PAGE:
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This Week in the Great Lakes: Congo and UN tango over child soldiers while US preaches engagement

A holiday season roundup of this week's news from Africa's Great Lakes region: women march in the Congo for more legal action against rapists, Rwandan journalists petition for changes to defamation laws, and Al Shabab remains a threat in Burundi.

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Inflation rises nearly 1 percent this year. Egypt courts Burundi’s cooperation on Nile water management with investment and aid. A UK non-governmental organization brings youth from post-conflict countries to teach conflict resolution techniques inner-city London.

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A Ugandan military official says the country’s troops will remain in the DRC and South Sudan until Joseph Kony, leader of the Lord's Resistance Army rebel group, is captured. Climate change reroutes the river between Uganda and Congo, wreaking havoc on farms.

Kenya says it has foiled planned attacks by Al Shabab, including on the US Embassy and AU headquarters in Nairobi. A Kenyan writer argues that stolen elections are good for Africa.

China's first white paper on its economic engagement with the continent declares, "China shows great concern for the livelihood of African people." Two Chinese mine managers face trial on charges of shooting 12 Zambian miners in October.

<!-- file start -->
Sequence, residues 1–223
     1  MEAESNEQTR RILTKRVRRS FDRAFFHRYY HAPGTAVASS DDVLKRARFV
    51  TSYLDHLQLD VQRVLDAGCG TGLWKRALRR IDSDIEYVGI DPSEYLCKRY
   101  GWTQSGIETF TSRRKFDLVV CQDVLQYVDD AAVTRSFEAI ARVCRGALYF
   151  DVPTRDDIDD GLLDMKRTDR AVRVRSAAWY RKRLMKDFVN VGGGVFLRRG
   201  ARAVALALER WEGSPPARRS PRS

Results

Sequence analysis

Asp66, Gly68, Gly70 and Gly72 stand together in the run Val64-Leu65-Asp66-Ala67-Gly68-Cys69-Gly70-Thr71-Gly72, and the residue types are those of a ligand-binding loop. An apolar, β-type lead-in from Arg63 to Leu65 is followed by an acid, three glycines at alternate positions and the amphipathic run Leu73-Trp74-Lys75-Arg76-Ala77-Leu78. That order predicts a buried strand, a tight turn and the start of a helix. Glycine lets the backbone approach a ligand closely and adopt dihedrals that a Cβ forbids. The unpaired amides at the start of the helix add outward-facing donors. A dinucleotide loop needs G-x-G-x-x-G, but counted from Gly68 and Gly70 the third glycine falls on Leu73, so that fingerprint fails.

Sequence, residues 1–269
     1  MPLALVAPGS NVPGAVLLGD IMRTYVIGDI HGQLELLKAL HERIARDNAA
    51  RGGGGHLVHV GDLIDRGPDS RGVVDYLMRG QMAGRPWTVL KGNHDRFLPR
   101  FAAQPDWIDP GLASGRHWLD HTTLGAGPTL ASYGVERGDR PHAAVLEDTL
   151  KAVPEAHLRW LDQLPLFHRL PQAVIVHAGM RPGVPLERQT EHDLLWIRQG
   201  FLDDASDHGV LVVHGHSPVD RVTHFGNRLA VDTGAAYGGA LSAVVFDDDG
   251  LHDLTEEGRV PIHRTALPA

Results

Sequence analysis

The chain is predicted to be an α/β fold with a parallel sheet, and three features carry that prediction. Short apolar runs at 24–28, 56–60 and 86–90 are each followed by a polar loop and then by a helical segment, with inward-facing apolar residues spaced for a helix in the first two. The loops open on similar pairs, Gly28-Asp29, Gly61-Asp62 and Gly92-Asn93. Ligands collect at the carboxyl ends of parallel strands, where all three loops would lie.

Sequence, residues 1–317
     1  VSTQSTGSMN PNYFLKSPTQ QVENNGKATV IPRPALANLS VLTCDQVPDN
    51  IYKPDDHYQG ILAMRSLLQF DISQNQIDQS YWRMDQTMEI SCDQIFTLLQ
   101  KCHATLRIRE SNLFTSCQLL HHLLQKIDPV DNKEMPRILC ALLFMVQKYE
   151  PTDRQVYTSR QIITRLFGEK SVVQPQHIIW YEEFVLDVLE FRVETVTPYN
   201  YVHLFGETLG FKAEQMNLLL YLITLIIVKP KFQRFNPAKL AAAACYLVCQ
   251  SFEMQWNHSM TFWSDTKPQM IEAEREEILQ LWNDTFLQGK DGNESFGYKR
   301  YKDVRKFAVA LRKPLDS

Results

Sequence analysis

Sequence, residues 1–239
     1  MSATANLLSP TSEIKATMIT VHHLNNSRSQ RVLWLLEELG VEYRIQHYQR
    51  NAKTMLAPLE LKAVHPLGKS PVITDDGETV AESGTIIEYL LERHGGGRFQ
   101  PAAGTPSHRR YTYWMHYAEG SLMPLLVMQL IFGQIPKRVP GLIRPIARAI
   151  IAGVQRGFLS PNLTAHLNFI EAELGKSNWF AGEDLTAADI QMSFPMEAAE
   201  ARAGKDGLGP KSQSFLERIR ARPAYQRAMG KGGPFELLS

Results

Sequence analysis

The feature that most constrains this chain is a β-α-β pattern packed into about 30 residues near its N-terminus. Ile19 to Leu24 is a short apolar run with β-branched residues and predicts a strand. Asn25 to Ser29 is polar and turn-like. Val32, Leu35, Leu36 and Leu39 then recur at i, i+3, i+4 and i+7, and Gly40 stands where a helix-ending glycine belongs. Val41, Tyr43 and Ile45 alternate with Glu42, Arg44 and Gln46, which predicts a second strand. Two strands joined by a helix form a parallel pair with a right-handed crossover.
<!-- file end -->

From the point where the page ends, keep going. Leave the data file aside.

An exotic animal smuggling ring, moving everything from leopard skins to live animals across four central African countries, is broken. The mountain gorilla population has grown 25 percent since 2003.

Leaked American diplomatic cables allege attempted uranium sales in the region. The Republic of Congo’s polio outbreak hits 200 fatalities.

Jina Moore is a freelance reporter based in Kigali, Rwanda who blogs here.

The Christian Science Monitor has assembled a diverse group of Africa bloggers. Our guest bloggers are not employed or directed by the Monitor and the views expressed are the bloggers' own, as is responsibility for the content of their blogs. To contact us about a blogger, click here.

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